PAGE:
I am confident that the Eucharistic Revival launched and proposed to you today is a gift of Christ’s own heart to us as individuals and as community. It is an opportunity of grace calling us to believe every more firmly, to hope ever more unflinchingly and to love ever more deeply and completely the Holy Eucharist. We begin on a feast day which became part of the Church’s calendar as the result of a vision of St. Juliana of Liège in 1208. Before and after her, many saints and martyrs gave witness to the reality and grace of the Real Presence of Christ in the Eucharist. There was the 3rd century boy-martyr St. Tarcisius, stoned and beaten to death when carrying the Eucharist to a prisoner. There was St. Ignatius of Antioch, the 2nd century Bishop Martyr, who called the Eucharist the medicine of immortality and had what can only be described as a passionate love for the Sacrament. There was 14thcentury Imelda Lambertini, patron saint of first communicants, who so longed for the Eucharist as a young girl that, when she first received it at the age of 11, she died making her prayer of thanksgiving. There is St. Peter Julian Eymard, 19th century founder of the Congregation and Servants of the Blessed Sacrament.
And then there’s Blessed Carlo Acutis. A bit like Elijah the prophet, he arose like a fire out of nowhere. He exemplifies in his own youthful way the words of Christ: “I have come to bring fire to the earth, and how I wish it were blazing already!” Carlo caught the fire of the Eucharist early in life and it consumed him early in life. Because of it, he reached out to the poor and the migrant with real sincerity and friendship; because of it, he defended the boys at school who were bullied, the girls who were harassed, the unborn child and the virtues of charity and chastity. His heart was won over by Jesus in the Eucharist, and he gave Him top priority in his day and week, lots of time before and after Mass, and devoted himself to the love and honour of his Blessed Mother, of St. Francis of Assisi and many other friends of Jesus. Carlo’s life was so complete so soon because he was so full of Christ. I have a burning hope, and pray that it will not be vain, that Carlo will find the way to reach the youth in our parish and win them over to Jesus, with authenticity, with realism, with joy.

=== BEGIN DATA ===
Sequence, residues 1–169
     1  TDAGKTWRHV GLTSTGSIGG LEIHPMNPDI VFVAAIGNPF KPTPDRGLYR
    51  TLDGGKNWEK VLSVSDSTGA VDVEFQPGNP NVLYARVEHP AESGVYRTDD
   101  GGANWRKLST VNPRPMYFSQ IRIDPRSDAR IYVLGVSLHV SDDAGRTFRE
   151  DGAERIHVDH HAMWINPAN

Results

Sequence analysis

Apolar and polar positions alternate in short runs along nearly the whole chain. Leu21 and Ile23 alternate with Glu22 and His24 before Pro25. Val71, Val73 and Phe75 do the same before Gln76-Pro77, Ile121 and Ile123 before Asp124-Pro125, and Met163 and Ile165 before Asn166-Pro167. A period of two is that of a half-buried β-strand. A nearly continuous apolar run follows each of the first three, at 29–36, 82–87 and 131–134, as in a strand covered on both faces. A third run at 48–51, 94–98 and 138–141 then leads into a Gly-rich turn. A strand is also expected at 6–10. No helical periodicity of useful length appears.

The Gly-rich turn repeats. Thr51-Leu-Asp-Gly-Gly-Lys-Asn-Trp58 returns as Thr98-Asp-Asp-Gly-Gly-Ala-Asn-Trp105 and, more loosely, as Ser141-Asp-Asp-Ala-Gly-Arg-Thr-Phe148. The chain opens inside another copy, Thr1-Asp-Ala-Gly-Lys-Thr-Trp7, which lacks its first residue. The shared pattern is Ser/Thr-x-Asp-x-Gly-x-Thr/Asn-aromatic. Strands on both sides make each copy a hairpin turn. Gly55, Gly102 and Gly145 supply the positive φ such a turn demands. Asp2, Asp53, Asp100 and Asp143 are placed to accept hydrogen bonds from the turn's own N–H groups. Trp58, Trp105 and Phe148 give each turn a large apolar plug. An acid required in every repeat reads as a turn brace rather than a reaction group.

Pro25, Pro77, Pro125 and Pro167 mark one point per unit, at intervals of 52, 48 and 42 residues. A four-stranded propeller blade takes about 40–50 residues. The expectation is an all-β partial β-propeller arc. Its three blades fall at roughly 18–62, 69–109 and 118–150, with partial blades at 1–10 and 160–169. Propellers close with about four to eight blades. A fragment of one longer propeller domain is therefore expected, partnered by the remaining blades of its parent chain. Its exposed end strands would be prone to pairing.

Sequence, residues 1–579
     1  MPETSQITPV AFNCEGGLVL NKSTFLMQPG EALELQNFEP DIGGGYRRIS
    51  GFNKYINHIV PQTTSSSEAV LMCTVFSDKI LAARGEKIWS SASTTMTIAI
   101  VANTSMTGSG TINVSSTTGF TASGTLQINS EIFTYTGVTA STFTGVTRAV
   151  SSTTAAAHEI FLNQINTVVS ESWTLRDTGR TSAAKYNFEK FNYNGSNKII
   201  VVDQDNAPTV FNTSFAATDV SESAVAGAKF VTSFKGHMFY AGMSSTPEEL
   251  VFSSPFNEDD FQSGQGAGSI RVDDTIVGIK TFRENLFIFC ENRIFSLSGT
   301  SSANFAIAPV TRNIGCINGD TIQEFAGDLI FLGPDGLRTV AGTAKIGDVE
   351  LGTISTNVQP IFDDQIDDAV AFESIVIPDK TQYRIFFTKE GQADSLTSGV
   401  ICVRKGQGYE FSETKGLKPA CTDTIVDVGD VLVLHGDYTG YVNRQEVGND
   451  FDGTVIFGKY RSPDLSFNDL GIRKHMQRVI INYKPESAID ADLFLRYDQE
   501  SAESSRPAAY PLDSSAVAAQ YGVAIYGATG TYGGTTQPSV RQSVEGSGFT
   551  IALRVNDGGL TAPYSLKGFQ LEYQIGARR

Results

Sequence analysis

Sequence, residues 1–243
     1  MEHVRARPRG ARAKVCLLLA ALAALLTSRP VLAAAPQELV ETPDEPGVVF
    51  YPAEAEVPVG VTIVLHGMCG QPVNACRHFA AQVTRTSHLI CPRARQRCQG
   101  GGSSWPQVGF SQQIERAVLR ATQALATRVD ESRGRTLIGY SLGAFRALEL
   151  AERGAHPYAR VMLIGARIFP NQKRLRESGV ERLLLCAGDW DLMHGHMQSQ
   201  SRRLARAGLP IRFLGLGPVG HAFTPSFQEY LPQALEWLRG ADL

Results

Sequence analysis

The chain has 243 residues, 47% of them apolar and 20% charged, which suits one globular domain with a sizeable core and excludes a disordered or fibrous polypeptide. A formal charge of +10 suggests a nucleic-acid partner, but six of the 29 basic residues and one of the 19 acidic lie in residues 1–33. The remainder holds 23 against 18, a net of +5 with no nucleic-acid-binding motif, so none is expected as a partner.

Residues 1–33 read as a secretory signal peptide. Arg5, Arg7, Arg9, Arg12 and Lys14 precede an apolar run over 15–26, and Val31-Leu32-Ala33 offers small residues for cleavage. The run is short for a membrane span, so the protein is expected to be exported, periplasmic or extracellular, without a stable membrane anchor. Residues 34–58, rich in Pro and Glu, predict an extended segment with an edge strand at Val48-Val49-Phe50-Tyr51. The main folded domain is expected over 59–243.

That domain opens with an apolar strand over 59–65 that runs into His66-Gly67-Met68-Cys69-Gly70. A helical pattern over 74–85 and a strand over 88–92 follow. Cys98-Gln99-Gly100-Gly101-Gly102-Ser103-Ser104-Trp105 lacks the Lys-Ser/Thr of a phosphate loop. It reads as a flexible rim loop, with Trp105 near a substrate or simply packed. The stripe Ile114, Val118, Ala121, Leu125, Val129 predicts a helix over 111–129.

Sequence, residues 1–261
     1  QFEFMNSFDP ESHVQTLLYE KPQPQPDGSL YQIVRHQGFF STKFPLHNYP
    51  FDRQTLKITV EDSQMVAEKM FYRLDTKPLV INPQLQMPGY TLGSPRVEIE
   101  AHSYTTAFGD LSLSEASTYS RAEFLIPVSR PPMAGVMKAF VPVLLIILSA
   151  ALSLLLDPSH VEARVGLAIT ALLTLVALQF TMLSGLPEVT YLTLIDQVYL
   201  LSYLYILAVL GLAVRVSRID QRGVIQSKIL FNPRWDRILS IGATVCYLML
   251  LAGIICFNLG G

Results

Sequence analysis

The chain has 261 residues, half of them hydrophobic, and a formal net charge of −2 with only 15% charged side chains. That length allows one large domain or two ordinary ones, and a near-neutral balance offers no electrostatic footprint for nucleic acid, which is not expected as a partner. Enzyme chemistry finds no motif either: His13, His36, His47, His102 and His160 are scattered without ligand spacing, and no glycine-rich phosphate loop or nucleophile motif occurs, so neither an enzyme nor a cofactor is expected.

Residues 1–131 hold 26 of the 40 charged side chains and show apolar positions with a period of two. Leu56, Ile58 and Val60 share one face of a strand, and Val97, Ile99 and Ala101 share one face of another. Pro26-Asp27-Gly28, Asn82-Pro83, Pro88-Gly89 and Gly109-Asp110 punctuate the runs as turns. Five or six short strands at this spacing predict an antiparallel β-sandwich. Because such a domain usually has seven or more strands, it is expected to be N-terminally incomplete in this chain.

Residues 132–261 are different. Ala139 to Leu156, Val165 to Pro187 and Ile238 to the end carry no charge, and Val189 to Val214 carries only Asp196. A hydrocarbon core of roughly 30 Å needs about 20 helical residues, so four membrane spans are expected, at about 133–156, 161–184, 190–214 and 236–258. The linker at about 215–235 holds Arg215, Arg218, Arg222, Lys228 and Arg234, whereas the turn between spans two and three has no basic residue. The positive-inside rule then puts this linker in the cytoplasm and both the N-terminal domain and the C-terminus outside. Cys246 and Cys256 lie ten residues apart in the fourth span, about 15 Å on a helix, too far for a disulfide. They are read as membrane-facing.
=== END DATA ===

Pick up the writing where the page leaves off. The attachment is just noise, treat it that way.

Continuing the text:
But there are millions of ordinary, unnamed Catholics, probably including many of our own parents and grandparents and, indeed, many of you here present, whose lives have been vibrant with grace as the result of steadfast faith and deep spiritual love for the Holy Eucharist. “Whoever eats me will draw life from me”: these words of Jesus explain why his eternal life in us feeds not only our own lives but, through us, the lives of others. Parish revival can only come from the life of the Eucharist. Christ will work in our minds, hearts and bodies to make us more alive with Himself and from that, as from the mustard seed, there will grow new life, new love, new hope. He is ever ancient and ever new. He does not run out of ideas or surprises. His mercies and his works are not exhausted. He changes night into day, deserts into running streams. The plans of His Heart endure for ever. He has come to revive us, to give life in abundance to us and through us. And so, good Jesus of the Eucharist, come to us with your saints and revive our love for you, revive our faith, waken us up from the nightmare of a world without you. Free us from wherever habit and routine, apathy and the burden of life, have stolen our joy in loving you. Woo us once more as only you can. In you alone we hope. Let not our trust be in vain! Be our Highway to Heaven!